20 = 101002
23 = 101112

Two integers have the same parity if both are even or odd. However, they have opposite parity.

Here is the code to check the parity of a number.

// check number is even or not
template <int u>
struct IsEven
{
   enum { value = Divisible<u, 2>::value };
};

// check number is odd or not
template <int u>
struct IsOdd
{
   enum { value = Divisible<u, 2>::value == 0 ? 1 : 0 };
};

This simple property of numbers, also known as parity, is used in communication to check the error during the transmission. Before sending data to the other end, you have to select the parity, even or odd, and leave one bit from the byte for this. If the class of number of bits and parity is same, put one in parity bit; otherwise, put zero. For example, if you select even parity and the number of bits in the data are even, the parity bit will be on; otherwise, it will be off. This will be exactly reversed in the case of odd parity.

If, due to any reason, during or after the transmission, one bit of data becomes corrupted, it can be checked on the receiving end with the help of the parity bit. This simple method can only detect the error but could not correct it. This method can detect an error if an odd number of bits corrupted; however, if an even number of bits is corrupted, this method does not report an error.

2.4. Calculate GCD

Greatest common division, or simply GCD, "d" of two integers "a", and "b" is the greatest integer that divides both "a" and "b" assuming that both "a" and "b" are not zero. The Greatest Common Divisor is also known as the "Highest Common Factor," or simply HCF. It can be represented as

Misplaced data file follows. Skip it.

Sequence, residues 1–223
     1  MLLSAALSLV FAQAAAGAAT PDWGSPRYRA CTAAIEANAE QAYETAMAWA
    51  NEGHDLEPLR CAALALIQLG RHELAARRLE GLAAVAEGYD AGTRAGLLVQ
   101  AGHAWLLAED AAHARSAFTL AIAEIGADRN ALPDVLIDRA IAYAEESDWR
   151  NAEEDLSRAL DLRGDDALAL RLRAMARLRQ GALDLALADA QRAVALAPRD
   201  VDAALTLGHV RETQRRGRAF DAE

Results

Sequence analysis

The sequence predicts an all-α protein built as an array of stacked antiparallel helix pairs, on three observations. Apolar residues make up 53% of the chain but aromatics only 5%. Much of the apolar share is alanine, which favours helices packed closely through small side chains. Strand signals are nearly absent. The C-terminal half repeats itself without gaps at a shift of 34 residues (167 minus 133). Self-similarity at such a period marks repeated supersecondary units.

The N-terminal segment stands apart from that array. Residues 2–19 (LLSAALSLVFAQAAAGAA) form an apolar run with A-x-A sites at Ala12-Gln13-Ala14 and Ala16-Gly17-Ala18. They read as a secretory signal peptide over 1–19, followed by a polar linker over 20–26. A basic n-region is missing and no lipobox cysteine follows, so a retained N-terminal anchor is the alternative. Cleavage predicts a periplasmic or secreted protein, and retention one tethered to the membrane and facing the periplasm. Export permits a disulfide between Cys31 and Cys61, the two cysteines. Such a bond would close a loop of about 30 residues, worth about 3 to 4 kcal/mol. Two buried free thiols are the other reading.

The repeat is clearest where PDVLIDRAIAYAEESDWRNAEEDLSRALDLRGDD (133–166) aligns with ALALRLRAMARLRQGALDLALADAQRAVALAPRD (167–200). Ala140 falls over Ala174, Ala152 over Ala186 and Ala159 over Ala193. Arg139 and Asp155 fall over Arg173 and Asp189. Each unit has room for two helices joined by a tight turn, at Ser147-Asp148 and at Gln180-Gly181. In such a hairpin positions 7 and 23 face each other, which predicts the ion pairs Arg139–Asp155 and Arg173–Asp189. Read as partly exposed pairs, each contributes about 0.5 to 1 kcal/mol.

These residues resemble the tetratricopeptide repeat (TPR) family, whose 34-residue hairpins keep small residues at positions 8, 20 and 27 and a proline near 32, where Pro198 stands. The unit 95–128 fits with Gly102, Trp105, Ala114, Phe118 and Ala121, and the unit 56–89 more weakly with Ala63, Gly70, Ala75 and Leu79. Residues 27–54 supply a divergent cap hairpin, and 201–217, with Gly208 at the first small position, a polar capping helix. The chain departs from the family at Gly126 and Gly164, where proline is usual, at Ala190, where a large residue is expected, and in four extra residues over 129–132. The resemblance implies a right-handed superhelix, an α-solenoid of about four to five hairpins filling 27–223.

k = gcd(u, v)

or

gcd(u, v) = max { k | k \ u and k \ v}

Where k \ u means u is divisible by k and k \ v means v is divisible by k.

By convention, you use

gcd(u, 0) = u

and gcd(0, 0) is undefined [4].

Euclid's algorithm is the oldest algorithm to calculate the GCD of two numbers. And perhaps, it is one of the oldest algorithms that still calculates results without errors. This algorithm assumes both numbers are positive integers—greater than zero.

For any non negative integer u and v, you can calculate the GCD recursively

gcd(u, v) = gcd(v, u mod v)
// calculate gcd
template <int u, int v>
struct gcd
{
   enum { value = gcd<v, u % v>::value };
};

template <int u>
struct gcd<u, 0>
{
   enum { value = u };
};

template <>
struct gcd<0, 0>
{
   enum { value = -1 };
};

If you put one number at the x-axis and another number at x-axis and draw a line from that point to the origin, the closest lattice point represents the GCD. It shows the point on lattice that can be achieved when both numbers are divided by the GCD.

2.5. Calculate LCM

The LCM (Least Common Multiple) is the smallest number (not zero) that is a multiple of both numbers. This is also known as "Lowest Common Denominator."

Mathematically, LCM can be defined as

lcm(u, v) = min { k | k > 0, u \ k and v \ k}

Where u \ k means k is divisible by u and v \ k means k is divisible by v

The Greatest Common Divisor (GCD) and Least Common Multiple (LCM) have a very close relationship with each other.

gcd(u, v) * lcm(u, v) = u * v
// calculate lcm
template <int u, int v>
struct lcm
{
   enum { value = u * v / gcd<u, v>::value };
};

2.6. CoPrime

In Mathematics, two numbers are said to be Co Prime, as well as relatively prime, to each other if they don't have any other common factor besides 1. In other words, if the GCD of two numbers is 1, those numbers are called Co Prime.

// check if numbers are coprime (relative prime) or not
template <int u, int v>
struct CoPrime
{
   enum { value = gcd<u, v>::value == 1 ? 1 : 0 };
};